In most cases, subpoenas are used for individuals who would be reluctant to participate in CCMA proceedings on behalf of one of the parties. There may be many reasons for this reluctance.
One is when the individual being subpoenaed holds the view that he or she was not closely involved in the issues leading up to the dispute and so will add no value to the arbitration proceedings.
Oftentimes, a disgruntled existing or former employee of an entity will serve a subpoena on an executive or senior employee to appear before the CCMA. Given the seniority of the person being subpoenaed and their lack of involvement in or knowledge of the issues around the dispute, companies are likely to seek ways to have their senior employee exempted from complying with the subpoena.
Section 142 of the Labour Relations Act gives a commissioner the power to issue a subpoena for an individual to appear before the CCMA. Rule 37 of the CCMA Rules lists the requirements for a subpoena to be issued, including that it must be signed by the Director of the CCMA.
One of the listed reasons the Commission may use to refuse to issue a subpoena is if the requesting party, in its motivation, does not establish why the evidence of the person is necessary. There are two concerns with this listed reason.
First, without the facts of the matter being referred for arbitration, it would be difficult for the Commission to find that the requesting party has failed to establish why the evidence of the person is necessary.
Second, the opposing party and/or the individual being subpoenaed are not afforded the opportunity to dispute what has been submitted in the motivation to the Commission.
As a result, subpoenas may be issued even where an individual’s evidence is not necessary and their presence at arbitration will not assist in the resolution of the dispute.
Having a subpoena set aside
For an individual to be exempt from complying with a subpoena, the subpoena ought to be set aside. Commissioners do not have the power to set aside subpoenas; as a result, an application would be brought before the Labour Court. This would have to be an urgent application given that a subpoena must be served at least seven days before the date of the arbitration.
It is important to note that it is difficult to have a subpoena set aside on the grounds that it constitutes an abuse of process and the witness subpoenaed will not be able to lead evidence relevant to the dispute. There is an intrinsic difficulty in determining whether evidence is relevant or not until such evidence is actually heard. Furthermore, it may be that such evidence will be relevant to the referring party’s case. This will only become clear once the subpoenaed witness appears at arbitration.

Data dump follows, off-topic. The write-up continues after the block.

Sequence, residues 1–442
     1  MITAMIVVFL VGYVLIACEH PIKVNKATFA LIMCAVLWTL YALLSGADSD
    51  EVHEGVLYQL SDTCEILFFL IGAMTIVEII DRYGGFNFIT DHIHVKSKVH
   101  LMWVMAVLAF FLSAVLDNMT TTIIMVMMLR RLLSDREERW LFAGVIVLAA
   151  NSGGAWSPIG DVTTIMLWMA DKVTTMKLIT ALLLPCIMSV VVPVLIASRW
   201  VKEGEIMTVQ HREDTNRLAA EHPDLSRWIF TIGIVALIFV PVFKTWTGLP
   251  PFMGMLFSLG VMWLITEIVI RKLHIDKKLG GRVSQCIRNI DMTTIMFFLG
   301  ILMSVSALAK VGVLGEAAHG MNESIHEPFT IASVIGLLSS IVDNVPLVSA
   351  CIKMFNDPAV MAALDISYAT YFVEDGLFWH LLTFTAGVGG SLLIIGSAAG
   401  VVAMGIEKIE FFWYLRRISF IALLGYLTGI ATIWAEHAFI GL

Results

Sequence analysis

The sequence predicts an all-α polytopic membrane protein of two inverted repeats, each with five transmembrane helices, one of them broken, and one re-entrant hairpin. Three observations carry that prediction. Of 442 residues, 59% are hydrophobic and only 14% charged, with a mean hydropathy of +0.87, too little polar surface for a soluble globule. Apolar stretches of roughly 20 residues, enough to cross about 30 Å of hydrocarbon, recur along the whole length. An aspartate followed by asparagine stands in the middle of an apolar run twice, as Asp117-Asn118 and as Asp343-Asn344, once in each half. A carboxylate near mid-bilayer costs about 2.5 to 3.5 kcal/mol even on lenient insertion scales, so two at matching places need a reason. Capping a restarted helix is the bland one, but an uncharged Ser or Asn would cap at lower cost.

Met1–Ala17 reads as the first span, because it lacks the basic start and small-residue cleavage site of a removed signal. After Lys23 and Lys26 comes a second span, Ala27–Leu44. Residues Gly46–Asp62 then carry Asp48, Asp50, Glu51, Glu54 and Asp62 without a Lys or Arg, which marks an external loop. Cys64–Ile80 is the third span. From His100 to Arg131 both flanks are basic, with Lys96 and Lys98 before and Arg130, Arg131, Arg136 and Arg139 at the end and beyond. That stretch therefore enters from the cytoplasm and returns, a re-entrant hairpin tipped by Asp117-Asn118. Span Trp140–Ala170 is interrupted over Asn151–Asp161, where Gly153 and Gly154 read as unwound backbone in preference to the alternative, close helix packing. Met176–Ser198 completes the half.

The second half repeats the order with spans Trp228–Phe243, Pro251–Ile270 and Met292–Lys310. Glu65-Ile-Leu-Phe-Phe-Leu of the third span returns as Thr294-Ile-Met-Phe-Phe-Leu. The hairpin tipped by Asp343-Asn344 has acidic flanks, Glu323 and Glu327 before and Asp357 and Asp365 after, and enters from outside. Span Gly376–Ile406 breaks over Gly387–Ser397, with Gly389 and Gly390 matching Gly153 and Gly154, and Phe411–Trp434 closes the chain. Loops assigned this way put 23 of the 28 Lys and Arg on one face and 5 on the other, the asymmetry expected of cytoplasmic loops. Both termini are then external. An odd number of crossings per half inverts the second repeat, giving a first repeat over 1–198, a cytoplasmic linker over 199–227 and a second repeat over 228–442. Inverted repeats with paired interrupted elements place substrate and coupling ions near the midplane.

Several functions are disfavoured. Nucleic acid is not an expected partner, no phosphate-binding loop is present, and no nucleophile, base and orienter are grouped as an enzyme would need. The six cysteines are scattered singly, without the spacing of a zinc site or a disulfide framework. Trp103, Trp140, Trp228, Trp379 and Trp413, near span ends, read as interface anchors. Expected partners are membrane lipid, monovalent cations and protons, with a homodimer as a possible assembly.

In Harris & others v CCMA & others  2 BLLR 178 (LC), the applicants succeeded with an application to set aside subpoenas served on six individuals on the basis that the subpoenas were not signed by the Director or the convening senior commissioner with delegated authority. Therefore, the subpoenas did not comply with section 142(2) of the Labour Relations Act (LRA). They did not succeed in challenging the substantive merits of the issuing of the subpoenas.
Tread cautiously when claiming abuse of process
The Labour Court went on to mention the case of Beinash v Wixley  3 SA 721 (SCA). Here, it was held that the right of a litigant to obtain the issuing of a subpoena is one that should not be abused. However, the court should be cautious in exercising its powers to set a subpoena aside on the basis that it constitutes an abuse of process. This reasoning is in line with ensuring the speedy resolution of disputes as envisioned by the LRA.
Where the reluctant witness fails to comply with a subpoena issued under the auspices of the CCMA without good cause, a commissioner has no power to hold such individual in contempt of the Commission, but may make a finding in this regard. The finding may then be referred to the Labour Court, which will be required to subpoena the reluctant person before making a decision about the commissioner’s finding.
Parties may look into submitting statements of admitted facts and concluding pre-arbitration minutes, among others, as a means to avoid “unnecessary” witnesses being subpoenaed. There may also be merit in reviewing the process contained in Rule 37 of the CCMA Rules. As it stands, once you have been subpoenaed, you are better served complying.
Sibusiso Dube is of the Employment and Benefits practice at Bowmans.